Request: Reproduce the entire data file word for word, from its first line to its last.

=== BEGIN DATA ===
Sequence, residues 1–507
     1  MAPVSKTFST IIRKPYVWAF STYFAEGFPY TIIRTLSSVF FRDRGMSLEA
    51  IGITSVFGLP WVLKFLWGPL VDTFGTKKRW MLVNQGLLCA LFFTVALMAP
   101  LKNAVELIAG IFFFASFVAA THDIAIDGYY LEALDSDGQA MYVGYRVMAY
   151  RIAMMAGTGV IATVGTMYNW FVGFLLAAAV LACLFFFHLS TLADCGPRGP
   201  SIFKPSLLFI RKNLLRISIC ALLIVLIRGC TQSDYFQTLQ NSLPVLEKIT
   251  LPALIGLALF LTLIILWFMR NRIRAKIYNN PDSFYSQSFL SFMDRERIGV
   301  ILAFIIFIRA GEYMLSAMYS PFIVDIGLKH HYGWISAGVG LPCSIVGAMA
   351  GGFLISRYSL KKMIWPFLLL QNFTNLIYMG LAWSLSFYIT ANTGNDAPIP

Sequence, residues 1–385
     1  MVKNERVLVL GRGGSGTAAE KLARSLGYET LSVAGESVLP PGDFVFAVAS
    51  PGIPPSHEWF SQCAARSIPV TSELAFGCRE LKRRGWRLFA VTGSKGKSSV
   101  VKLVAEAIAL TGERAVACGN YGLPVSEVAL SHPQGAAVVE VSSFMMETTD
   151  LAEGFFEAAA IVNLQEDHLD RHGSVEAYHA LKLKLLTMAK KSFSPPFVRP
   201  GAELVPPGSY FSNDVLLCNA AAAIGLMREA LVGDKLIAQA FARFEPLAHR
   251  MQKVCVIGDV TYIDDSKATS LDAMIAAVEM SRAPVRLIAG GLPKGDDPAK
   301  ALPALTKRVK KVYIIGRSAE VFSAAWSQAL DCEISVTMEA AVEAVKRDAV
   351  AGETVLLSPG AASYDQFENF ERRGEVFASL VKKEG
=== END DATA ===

Sequence, residues 1–507
     1  MAPVSKTFST IIRKPYVWAF STYFAEGFPY TIIRTLSSVF FRDRGMSLEA
    51  IGITSVFGLP WVLKFLWGPL VDTFGTKKRW MLVNQGLLCA LFFTVALMAP
   101  LKNAVELIAG IFFFASFVAA THDIAIDGYY LEALDSDGQA MYVGYRVMAY
   151  RIAMMAGTGV IATVGTMYNW FVGFLLAAAV LACLFFFHLS TLADCGPRGP
   201  SIFKPSLLFI RKNLLRISIC ALLIVLIRGC TQSDYFQTLQ NSLPVLEKIT
   251  LPALIGLALF LTLIILWFMR NRIRAKIYNN PDSFYSQSFL SFMDRERIGV
   301  ILAFIIFIRA GEYMLSAMYS PFIVDIGLKH HYGWISAGVG LPCSIVGAMA
   351  GGFLISRYSL KKMIWPFLLL QNFTNLIYMG LAWSLSFYIT ANTGNDAPIP

Sequence, residues 1–385
     1  MVKNERVLVL GRGGSGTAAE KLARSLGYET LSVAGESVLP PGDFVFAVAS
    51  PGIPPSHEWF SQCAARSIPV TSELAFGCRE LKRRGWRLFA VTGSKGKSSV
   101  VKLVAEAIAL TGERAVACGN YGLPVSEVAL SHPQGAAVVE VSSFMMETTD
   151  LAEGFFEAAA IVNLQEDHLD RHGSVEAYHA LKLKLLTMAK KSFSPPFVRP
   201  GAELVPPGSY FSNDVLLCNA AAAIGLMREA LVGDKLIAQA FARFEPLAHR
   251  MQKVCVIGDV TYIDDSKATS LDAMIAAVEM SRAPVRLIAG GLPKGDDPAK
   301  ALPALTKRVK KVYIIGRSAE VFSAAWSQAL DCEISVTMEA AVEAVKRDAV
   351  AGETVLLSPG AASYDQFENF ERRGEVFASL VKKEG